NCLH burning through US$160 million a month amid pandemic

NCLH burning through US$160 million a month amid pandemic

MIAMI — NCL parent company Norwegian Cruise Line Holdings says its cash burn rate is US$160 million per month as it waits out the COVID-19 pandemic.

NCLH, which also owns Oceania Cruises and Regent Seven Seas Cruises, posted its Q2 results yesterday. Like all cruise companies it has been severely impacted by the pandemic and the resulting travel restrictions.

Earlier this week CLIA announced that its ocean-going cruise line members had extended their voluntary pause in operations to Oct. 31, two weeks after the CDC announced the extension of its No Sail Order for U.S.-based cruise ships to at least Sept. 30.

NCLH says that while booking volumes since the emergence of COVID-19 remain below historical levels, the company’s overall cumulative booked position and pricing for 2021 are within historical ranges, including bookings made with future cruise credits (FCCs).

The company says approximately 60% of NCLH passengers impacted by COVID-19 cancellations have requested cash refunds. Advance ticket sales reached $1.2 billion as of June 30. About $0.8 billion of that is attributed to FCCs.

“In recent weeks, we have taken further action to bolster our liquidity position in response to the COVID-19 global pandemic, including our highly successful $1.5 billion gross triple-tranche capital raise in July, which we believe positions us to withstand a scenario of prolonged voyage suspensions,” said Frank Del Rio, NCLH’s President and CEO.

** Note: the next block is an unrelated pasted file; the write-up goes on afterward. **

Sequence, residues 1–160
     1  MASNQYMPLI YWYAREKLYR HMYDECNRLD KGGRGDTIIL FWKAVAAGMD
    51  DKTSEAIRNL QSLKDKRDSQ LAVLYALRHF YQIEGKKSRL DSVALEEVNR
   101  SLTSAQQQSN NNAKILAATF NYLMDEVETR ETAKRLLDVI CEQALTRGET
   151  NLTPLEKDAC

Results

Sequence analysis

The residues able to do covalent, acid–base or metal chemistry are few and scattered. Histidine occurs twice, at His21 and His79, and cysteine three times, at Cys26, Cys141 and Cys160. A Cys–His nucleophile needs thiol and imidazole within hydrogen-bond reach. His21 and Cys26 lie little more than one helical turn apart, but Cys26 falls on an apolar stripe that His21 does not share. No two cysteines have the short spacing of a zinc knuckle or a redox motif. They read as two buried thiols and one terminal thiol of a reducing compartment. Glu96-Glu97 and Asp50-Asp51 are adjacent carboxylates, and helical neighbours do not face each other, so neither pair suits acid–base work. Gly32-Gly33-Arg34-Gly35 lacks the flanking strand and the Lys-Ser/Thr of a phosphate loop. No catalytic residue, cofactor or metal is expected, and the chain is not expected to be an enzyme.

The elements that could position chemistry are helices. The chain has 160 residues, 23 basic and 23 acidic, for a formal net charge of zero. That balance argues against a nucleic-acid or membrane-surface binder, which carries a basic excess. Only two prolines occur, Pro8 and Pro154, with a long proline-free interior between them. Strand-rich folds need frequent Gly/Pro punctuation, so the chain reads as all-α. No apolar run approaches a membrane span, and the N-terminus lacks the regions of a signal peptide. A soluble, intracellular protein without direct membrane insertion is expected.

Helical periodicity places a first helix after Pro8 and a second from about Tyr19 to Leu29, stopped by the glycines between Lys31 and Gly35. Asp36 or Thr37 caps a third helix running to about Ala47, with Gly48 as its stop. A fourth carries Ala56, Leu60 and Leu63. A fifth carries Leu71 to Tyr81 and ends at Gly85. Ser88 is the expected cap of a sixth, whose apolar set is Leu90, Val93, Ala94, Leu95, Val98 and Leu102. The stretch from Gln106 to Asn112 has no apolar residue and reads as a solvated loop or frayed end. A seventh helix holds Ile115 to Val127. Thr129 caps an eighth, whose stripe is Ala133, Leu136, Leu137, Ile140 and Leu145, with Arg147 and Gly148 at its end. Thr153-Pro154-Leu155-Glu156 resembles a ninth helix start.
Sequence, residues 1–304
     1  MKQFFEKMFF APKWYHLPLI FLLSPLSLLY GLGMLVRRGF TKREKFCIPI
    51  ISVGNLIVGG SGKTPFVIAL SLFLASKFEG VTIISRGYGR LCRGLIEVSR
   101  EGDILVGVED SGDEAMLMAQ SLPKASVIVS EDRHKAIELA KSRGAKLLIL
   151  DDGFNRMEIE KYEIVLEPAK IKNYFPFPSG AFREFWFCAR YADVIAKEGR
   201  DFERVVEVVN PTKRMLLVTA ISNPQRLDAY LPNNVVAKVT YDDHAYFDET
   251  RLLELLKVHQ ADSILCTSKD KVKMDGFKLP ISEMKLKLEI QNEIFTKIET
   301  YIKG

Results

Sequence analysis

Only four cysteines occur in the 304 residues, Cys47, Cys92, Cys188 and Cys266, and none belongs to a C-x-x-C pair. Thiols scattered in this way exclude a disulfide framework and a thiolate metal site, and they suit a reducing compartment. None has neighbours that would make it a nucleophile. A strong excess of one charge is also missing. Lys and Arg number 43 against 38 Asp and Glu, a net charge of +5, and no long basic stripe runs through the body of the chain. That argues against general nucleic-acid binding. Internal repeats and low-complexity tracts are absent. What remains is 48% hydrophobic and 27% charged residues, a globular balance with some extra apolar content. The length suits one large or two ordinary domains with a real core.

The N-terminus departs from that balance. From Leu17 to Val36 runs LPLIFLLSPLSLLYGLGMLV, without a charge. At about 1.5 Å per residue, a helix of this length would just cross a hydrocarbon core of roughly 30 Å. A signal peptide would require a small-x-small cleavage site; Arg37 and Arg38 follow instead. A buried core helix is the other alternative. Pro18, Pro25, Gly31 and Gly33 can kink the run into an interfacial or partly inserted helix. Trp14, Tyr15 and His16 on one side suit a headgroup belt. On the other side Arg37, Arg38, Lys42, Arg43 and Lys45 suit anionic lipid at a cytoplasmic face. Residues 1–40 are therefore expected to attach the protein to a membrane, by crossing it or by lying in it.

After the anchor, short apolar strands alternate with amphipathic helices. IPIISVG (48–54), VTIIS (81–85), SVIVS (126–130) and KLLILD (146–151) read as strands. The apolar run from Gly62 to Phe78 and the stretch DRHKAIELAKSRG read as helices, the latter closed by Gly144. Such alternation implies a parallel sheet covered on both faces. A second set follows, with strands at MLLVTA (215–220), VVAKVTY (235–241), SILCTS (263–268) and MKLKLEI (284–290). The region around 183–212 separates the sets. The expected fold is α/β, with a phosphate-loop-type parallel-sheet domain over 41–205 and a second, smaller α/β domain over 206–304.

“Our guests continue to demonstrate their desire for cruise vacations in the future. Looking ahead, we made significant progress in our Roadmap to Relaunch with the formation of our Healthy Sail Panel, comprised of globally recognized public health experts, which is tasked with providing recommendations to advance our public health response to COVID-19 and inform us on the development of a science-backed plan for a safe and healthy return to cruising,” Del Rio added.

In May NCLH announced it had secured more than US$2 billion of additional liquidity, to help shore up the company amid the COVID-19 crisis. The move came shortly after NCLH updated its filing with the U.S. Securities and Exchange Commission with what amounted to a warning about its solvency.

For Q2, NCLH says its revenue has dropped to $16.9 million compared to $1.7 billion in 2019, due to the complete suspension of sailings in the quarter. The GAAP net loss was $715.2 million, while the adjusted net loss was $666.4 million.

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